‘On Afghanistan’ - Last week we had Presidential elections in Afghanistan against the backdrop of an attempt by the Taliban to raise levels of violence. We have stood firm behind the Government of Afghanistan’s efforts to stabilise the country. This is natural given our age old ties, our responsibility to a friendly country in our region and given our national security interest in a stable, independent and peaceful Afghanistan which will remain a priority.
‘On Pakistan’ - With Pakistan we have maintained that a stable Pakistan at peace with itself and the region is a desirable goal. We wish to address our differences with Pakistan through dialogue. On several occasions we have conveyed to the Pakistani leadership our desire to engage in meaningful discussions and to develop our bilateral relations in a positive manner. At the same time, we made it clear that a meaningful dialogue will only be possible following the fulfillment by Pakistan of its commitment not to allow its territory to be used for terrorist activities against India. Pakistan must honour the pledges made in this regard. Following the Mumbai attacks of 26 November 2008, Pakistan has taken some steps under the pressure of evidence presented to them. However, we are still to see Pakistan take effective steps to end infiltration and dismantle the infrastructure of terrorism.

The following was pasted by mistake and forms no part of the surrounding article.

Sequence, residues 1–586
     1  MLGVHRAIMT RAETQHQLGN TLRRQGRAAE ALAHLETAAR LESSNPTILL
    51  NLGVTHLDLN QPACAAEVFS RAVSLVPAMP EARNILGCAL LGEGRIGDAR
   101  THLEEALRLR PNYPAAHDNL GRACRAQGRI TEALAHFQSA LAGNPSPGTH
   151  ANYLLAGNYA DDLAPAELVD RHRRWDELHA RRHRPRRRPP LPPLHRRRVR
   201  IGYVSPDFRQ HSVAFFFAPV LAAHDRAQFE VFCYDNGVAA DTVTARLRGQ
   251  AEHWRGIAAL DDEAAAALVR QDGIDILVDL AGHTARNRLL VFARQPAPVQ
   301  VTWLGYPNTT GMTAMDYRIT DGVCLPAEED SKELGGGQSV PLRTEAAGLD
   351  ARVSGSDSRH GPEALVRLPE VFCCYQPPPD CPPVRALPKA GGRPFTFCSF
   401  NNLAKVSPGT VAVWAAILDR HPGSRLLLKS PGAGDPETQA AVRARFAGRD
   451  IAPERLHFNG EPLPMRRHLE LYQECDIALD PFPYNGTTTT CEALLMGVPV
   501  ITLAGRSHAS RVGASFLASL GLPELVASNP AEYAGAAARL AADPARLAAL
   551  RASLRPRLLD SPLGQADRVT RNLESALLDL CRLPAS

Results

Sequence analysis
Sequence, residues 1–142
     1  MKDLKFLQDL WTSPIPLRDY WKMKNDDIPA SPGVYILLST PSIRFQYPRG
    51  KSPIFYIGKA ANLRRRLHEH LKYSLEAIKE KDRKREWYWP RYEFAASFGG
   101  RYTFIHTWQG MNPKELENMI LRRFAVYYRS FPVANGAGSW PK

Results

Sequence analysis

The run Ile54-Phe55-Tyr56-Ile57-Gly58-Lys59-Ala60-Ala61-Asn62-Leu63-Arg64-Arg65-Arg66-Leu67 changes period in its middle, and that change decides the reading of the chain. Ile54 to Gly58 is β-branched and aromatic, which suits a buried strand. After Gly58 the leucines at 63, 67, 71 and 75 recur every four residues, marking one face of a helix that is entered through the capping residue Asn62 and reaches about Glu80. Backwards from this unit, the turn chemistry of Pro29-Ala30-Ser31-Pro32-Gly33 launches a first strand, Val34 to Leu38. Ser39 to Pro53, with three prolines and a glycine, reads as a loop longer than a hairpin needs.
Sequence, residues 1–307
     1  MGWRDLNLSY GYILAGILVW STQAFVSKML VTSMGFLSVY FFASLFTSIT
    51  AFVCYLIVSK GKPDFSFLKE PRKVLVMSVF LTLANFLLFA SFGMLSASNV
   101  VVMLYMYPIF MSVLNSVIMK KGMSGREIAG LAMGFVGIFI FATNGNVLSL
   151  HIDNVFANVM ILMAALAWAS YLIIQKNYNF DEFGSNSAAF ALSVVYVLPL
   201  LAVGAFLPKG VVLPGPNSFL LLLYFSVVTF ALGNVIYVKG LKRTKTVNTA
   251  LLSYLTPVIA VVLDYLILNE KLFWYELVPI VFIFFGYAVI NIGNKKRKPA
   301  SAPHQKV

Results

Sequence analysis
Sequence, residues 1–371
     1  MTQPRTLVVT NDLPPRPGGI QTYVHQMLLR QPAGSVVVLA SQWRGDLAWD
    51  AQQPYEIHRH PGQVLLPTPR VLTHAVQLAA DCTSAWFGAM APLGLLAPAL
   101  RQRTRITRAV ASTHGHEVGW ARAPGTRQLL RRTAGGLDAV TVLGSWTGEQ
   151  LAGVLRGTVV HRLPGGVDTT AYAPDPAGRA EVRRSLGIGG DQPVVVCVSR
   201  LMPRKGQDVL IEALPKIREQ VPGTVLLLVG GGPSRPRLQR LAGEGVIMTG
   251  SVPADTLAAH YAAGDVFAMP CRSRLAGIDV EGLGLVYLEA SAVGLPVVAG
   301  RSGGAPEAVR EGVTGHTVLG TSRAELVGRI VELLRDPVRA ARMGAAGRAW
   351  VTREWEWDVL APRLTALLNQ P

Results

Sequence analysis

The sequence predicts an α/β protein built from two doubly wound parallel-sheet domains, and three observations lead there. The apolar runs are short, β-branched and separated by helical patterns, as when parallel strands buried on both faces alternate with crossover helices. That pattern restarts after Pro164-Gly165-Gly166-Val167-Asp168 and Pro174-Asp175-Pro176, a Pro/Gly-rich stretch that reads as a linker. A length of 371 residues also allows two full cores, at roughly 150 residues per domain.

‘On China’ - There is space for both of us to grow and meet our aspirations. China is now India’s largest trading partner and there is congruence in our views on many global issues but there are outstanding bilateral issues that should be resolved peacefully through dialogue.
‘On ASEAN and East Asia’ - With ASEAN we have signed a Free Trade Agreement. It is another milestone in our Look East policy. Our relationship with Japan has entered a new phase in the last few years. We are adding significant elements of political, economic and security cooperation to our relationship. A new South-South partnership is being built in the IBSA framework with South Africa and Brazil.